The end of tax season is just weeks away. More than sixty-nine million taxpayers have already filed their returns for 2016 and more will do so by the April 18 deadline.
Most of these filers will also be getting a tax refund. So how do they plan to spend it?
One smart use of a tax refund is making an extra payment toward student loan debt. We recently conducted a survey to find out how many student loan borrowers plan to use their refunds to get their balance to $0 faster.
2 out of 5 tax refunds will be put toward student loan debt
Among more than a thousand student loan borrowers surveyed who expect a tax refund for 2016, two out of five (39 percent) say they will use it to repay their student loans.
This includes 14 percent who say they plan to put their entire tax refund toward repaying student loans. An additional 25 percent plan to use at least some of their tax refund on student loan debt.
About eight out of 10 tax returns result in a refund. Additionally, the average tax refund for the 2016 fiscal year is $2,973 so far, according to the IRS. That’s a pretty decent windfall that can be put to good use by making an extra, lump sum payment toward student loans.
For example, if you apply that amount to a typical 2016 graduate’s $37,172 educational debt, it would shave a whole year off of their repayment period. And they would lower the amount of interest they pay over the life of a standard 10-year loan by $1,504.
If you’re planning to use your tax refund toward your student loans, use the calculator below to see how much you could save.
Lump Sum Extra Payment Calculator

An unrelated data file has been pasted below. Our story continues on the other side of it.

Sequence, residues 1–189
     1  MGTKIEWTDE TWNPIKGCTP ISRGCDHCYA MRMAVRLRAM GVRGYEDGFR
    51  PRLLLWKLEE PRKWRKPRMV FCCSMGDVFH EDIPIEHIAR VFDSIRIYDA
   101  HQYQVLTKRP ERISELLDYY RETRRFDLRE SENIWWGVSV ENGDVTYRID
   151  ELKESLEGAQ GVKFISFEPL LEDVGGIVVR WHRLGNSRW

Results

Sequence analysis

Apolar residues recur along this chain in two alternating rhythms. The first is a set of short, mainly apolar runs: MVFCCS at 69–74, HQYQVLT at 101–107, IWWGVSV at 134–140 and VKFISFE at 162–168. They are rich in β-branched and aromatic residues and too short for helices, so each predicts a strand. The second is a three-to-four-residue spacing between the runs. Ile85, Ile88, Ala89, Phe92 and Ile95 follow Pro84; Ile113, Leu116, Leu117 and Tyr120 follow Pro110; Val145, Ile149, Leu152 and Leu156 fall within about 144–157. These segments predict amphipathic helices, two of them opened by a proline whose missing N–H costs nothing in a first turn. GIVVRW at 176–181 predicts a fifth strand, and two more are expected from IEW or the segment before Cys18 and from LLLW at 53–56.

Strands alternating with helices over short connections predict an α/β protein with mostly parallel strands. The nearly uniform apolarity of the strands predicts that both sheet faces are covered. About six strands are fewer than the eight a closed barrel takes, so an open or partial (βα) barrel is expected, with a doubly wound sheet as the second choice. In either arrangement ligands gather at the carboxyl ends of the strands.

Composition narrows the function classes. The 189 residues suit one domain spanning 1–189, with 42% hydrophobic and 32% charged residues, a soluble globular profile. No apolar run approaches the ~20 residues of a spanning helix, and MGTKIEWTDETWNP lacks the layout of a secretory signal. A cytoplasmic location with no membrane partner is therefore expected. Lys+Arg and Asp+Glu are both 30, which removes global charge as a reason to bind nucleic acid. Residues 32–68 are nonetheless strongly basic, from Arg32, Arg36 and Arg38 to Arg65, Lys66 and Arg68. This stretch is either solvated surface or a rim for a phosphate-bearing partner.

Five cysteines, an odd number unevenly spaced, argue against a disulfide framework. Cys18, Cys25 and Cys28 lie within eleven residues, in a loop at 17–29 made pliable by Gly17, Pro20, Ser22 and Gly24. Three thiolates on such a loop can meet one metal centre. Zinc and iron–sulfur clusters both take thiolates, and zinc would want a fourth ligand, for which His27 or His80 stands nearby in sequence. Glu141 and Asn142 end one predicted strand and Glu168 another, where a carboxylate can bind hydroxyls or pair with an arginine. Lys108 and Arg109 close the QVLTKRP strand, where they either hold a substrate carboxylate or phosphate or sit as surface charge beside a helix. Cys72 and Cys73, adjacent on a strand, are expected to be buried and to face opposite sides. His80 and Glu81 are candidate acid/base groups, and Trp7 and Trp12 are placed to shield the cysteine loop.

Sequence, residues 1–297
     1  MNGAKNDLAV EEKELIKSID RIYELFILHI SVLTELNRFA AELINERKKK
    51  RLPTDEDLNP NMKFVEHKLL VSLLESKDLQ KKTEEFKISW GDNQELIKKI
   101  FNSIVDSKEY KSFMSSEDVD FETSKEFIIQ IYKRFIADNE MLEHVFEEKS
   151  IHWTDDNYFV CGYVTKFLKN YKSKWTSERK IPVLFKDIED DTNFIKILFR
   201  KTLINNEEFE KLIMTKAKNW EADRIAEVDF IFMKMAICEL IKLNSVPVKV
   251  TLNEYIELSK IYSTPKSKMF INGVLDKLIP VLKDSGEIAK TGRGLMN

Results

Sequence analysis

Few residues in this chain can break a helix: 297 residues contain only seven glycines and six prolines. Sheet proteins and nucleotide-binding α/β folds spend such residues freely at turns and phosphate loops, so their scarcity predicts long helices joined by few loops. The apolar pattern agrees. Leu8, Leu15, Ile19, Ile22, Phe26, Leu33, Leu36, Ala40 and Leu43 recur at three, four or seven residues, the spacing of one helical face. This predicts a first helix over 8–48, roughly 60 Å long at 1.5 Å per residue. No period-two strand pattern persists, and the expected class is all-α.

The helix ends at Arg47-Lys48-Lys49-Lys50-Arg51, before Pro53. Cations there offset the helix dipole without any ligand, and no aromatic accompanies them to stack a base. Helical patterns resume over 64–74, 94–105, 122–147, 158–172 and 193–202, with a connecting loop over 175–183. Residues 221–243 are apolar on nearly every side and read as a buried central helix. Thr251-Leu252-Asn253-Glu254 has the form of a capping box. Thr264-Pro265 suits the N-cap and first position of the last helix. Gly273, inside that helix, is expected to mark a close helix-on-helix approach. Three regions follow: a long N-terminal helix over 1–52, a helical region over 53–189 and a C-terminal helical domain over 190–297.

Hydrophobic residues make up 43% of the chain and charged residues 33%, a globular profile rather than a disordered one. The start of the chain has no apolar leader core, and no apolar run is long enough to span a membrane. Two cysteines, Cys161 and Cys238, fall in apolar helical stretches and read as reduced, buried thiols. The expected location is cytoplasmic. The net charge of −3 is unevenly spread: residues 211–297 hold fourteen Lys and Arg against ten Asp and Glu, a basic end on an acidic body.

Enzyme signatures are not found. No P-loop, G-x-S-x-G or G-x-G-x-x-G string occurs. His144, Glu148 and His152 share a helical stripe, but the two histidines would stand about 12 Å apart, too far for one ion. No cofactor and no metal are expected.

1 in 4 student loan borrowers unaware of important tax deductions
Some tax filers might also miss out on the opportunity to save on their taxes thanks to the student loan tax deduction. Around three-quarters (77 percent) of student loan borrowers surveyed said they know they can deduct their student loan interest.
But the other 23 percent who have student loans said they didn’t know that student loan interest is tax-deductible. The IRS allows filers to write off up to $2,500 in student loan interest.
Borrowers who are unaware of these potential savings and fail to claim their student loan interest on their tax returns could be missing out on up to $625 in tax savings.
Additionally, a third of this group (32 percent) is unaware of the student loan interest deduction despite filing with tax software or an app. These programs usually prompt users to deduct student loan interest, so it’s surprising they don’t know about it.
Wondering how much you’re likely to save by claiming the student loan interest deduction? The calculator below can give you an estimate.
Interest Deduction Calculator
45% of student loan borrowers file with tax software
The survey also asked student loan borrowers how they file their taxes. Filing using an online tax software or an app was the most popular method used by 45 percent of respondents.